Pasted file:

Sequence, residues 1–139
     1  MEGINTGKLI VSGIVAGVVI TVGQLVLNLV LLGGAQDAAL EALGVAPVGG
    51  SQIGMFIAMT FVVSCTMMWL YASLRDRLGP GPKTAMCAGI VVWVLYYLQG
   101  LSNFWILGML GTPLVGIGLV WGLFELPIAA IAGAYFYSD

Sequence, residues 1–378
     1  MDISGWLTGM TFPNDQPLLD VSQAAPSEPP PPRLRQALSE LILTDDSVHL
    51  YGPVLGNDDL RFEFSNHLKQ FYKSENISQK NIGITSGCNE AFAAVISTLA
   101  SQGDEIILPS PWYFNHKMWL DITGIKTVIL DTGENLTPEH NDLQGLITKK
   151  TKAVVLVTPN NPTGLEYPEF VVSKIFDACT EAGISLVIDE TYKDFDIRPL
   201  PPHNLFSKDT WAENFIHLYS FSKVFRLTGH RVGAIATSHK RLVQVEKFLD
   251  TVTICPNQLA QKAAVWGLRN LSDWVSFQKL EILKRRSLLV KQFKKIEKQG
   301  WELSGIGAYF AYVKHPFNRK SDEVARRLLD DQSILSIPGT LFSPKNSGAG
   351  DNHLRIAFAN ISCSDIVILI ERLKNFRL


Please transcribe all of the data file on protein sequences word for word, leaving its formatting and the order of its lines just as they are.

Sequence, residues 1–139
     1  MEGINTGKLI VSGIVAGVVI TVGQLVLNLV LLGGAQDAAL EALGVAPVGG
    51  SQIGMFIAMT FVVSCTMMWL YASLRDRLGP GPKTAMCAGI VVWVLYYLQG
   101  LSNFWILGML GTPLVGIGLV WGLFELPIAA IAGAYFYSD

Sequence, residues 1–378
     1  MDISGWLTGM TFPNDQPLLD VSQAAPSEPP PPRLRQALSE LILTDDSVHL
    51  YGPVLGNDDL RFEFSNHLKQ FYKSENISQK NIGITSGCNE AFAAVISTLA
   101  SQGDEIILPS PWYFNHKMWL DITGIKTVIL DTGENLTPEH NDLQGLITKK
   151  TKAVVLVTPN NPTGLEYPEF VVSKIFDACT EAGISLVIDE TYKDFDIRPL
   201  PPHNLFSKDT WAENFIHLYS FSKVFRLTGH RVGAIATSHK RLVQVEKFLD
   251  TVTICPNQLA QKAAVWGLRN LSDWVSFQKL EILKRRSLLV KQFKKIEKQG
   301  WELSGIGAYF AYVKHPFNRK SDEVARRLLD DQSILSIPGT LFSPKNSGAG
   351  DNHLRIAFAN ISCSDIVILI ERLKNFRL